Tuesday, December 04, 2012

Out and about in the Mediterranean (Part 2)

The second leg of our 45th anniversary reunion was a cruise trip in the Mediterranean from 22 to 29 September 2012. Thanks to Irene Tsai for sharing with us very vividly the fun of all those who took part in the reunion in this two-part article.  Here in Part 2, Irene continues with the exploration of Barcelona, a city of food, culture, talent and sports, after the cruise trip and her thoughts on sustaining our 50-year old vintage friendship  . (If you want to read Part 1 first, please ckick here.)

Comfortably seated in an open-topped double decker tourist bus, we girls went sightseeing the city’s north, south and even the its beach front taking advantage of its red, blue and green routes.  We hopped on and off whenever and whatever we were attracted to.  Sometimes, no agenda is a good agenda.  For 20 Euros, one can get unlimited rides, getting on and off at anytime, anywhere on all the tourist bus routes from morning to 10 p.m.  No early morning tour bus or cruise ship to catch for a few days.  Phew!  The double deckers were very clean and came with brand new personal headsets.  One can pick his/her desired language to tune into the most informative voice describing everything you need to know along the various routes.  Naturally, we stopped to shop and never hesitated to have the best good eats (Catelan cuisine) in town.  Nice restaurants are everywhere, especially along the famous avenue, La Rambla (Las Ramblas) with enticing menus at extremely reasonable prices (when comparing to NYC or Toronto).  And, unlike North America, I was pleasantly surprised to find out the city does not have a tipping culture at all.  5% is already very generous if you really want to tip them.   The catch-of-the-day fresh seafood dishes, tapas and paellas, that Iberico ham (from Iberico pigs), my God, its unique distinct taste and unforgettable aroma is totally awesome and more than delicious.  It literally melts in your mouth.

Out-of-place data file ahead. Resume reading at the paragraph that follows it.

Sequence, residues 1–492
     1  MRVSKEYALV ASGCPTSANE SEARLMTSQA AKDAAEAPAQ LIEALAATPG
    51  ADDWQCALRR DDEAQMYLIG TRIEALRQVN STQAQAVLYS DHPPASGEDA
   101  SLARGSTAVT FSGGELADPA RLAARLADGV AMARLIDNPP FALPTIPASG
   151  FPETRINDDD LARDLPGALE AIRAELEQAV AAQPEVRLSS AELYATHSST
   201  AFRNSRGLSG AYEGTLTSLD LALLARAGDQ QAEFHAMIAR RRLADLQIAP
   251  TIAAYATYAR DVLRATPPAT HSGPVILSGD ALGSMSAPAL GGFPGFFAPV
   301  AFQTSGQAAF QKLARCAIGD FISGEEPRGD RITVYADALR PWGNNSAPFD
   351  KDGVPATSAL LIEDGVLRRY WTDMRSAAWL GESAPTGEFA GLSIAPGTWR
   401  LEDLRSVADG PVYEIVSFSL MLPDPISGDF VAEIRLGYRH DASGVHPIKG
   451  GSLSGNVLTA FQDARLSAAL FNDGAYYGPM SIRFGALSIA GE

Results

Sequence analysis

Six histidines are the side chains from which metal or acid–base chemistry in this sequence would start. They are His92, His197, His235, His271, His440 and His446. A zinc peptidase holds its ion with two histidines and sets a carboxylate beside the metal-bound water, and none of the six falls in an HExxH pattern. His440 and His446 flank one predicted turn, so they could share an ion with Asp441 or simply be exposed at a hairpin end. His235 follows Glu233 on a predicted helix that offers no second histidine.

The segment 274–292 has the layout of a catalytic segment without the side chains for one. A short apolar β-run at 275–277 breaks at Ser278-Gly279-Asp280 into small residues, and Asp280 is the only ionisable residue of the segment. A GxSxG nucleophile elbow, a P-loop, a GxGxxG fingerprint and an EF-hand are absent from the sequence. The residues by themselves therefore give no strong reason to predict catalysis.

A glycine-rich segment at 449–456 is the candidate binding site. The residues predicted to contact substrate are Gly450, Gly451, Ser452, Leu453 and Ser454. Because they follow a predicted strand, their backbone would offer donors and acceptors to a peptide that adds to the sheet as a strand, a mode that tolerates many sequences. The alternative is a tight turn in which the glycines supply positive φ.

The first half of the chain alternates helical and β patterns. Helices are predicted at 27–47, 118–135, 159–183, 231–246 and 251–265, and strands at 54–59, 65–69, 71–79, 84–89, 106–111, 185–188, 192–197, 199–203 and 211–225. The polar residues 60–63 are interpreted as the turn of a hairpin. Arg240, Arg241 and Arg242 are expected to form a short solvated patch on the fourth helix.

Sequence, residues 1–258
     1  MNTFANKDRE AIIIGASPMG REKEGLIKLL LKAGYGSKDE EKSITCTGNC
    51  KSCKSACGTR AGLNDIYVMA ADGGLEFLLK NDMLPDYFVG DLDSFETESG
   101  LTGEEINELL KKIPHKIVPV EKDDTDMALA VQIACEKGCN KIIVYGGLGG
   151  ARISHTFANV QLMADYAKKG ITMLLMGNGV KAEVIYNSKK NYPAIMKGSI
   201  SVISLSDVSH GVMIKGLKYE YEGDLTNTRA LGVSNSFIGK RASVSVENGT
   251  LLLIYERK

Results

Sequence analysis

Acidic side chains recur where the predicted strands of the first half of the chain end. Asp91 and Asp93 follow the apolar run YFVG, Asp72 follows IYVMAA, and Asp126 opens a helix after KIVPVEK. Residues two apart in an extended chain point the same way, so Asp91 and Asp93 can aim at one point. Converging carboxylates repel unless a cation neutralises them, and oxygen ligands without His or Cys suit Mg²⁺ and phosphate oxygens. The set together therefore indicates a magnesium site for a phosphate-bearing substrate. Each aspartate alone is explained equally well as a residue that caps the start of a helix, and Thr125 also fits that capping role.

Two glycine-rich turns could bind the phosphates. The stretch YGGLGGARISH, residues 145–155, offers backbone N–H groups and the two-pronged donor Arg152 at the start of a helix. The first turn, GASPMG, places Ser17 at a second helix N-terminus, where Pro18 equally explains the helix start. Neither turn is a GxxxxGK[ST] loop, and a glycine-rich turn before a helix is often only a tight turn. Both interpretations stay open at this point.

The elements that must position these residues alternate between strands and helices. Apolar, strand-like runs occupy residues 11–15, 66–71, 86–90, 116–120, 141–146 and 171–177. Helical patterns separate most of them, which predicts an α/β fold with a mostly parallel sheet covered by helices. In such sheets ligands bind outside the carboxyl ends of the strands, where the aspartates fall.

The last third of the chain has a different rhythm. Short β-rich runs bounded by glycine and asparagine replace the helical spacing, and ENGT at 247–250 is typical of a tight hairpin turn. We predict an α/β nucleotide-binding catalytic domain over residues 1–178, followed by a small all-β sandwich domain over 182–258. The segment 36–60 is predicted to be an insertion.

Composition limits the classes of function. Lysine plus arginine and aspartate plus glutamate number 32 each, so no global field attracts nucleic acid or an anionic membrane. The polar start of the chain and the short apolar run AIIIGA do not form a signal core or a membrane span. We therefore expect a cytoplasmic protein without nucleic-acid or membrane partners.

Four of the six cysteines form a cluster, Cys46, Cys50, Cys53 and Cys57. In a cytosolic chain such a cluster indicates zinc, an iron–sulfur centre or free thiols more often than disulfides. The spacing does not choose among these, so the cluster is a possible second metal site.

I have to confess that I’ve OD just on that champion ham alone @ almost every restaurant and bar in Barcelona.  One observant restaurant owner noticed that and as I walked past him to leave after our sumptuous dinner, he suddenly grabbed my hand to give me his long professional knife and spoke to me in Spanish, asking me to pass him my iPhone so that he could take a picture of me slicing the Iberico ham.  Haha!  I am pretty sure Fay Lo (Malcolm Au), the world food and wine expert would understand me for losing my self-control on that irresistible Spanish ham.  Hey, I am still regurgitating that unbelievably great tasting ham as we speak.  Too bad that we’re not allowed to bring some back to Canada or the States.  The locals eat late.  Lunch time runs between 2 to 3 p.m. , and dinner time between 9 p.m. and midnight.  Bingo, my kind of lifestyle and eating culture, you know.  We girls even took the subway around town.  Of course, Las Ramblas is sleepless day or night.  It’s always buzzing and sizzling with world tourists and locals around the clock.  Barcelona is such a medieval city on one hand and also a chic European city on the other hand.  It has the latest modern conveniences, yet it is also spilled with the most adorable Gothic art, grand detailed historical architectural buildings and legacies almost every corner you turn.  I am not religious, but I paused repeatedly to marvel at the beautiful Romanesque churches and the amazing wall paintings inside.  Evidence of the 2,000 year-old Roman civilization is not hard to find at all.  To the west of Las Ramblas is modern and artsy.  It’s predominantly filled with the modernistic genius Spanish architect, Antoni Gaudi’s great works.  Sagrada Familia, the amazing unfinished church, the masterpiece Gaudi started but unfortunately never had a chance to complete when he died in 1926 after tragically hit by a tram.  Everyday, its main gate entrance is packed with tourists coming from all over the world to have a glimpse of Gaudi’s masterpiece.  One has to pay quite a bit for admission and then lining up among crowds waiting to get in.  I understand the admission collections mostly go to the completion of the church.  They’re predicting to have it finished in year 2026, which will then mark the 100th anniversary of Gaudi’s death.  Hallelujah, I’ll say.  How old will we all be by then??  I would love to see its final completion if I am still alive and kicking.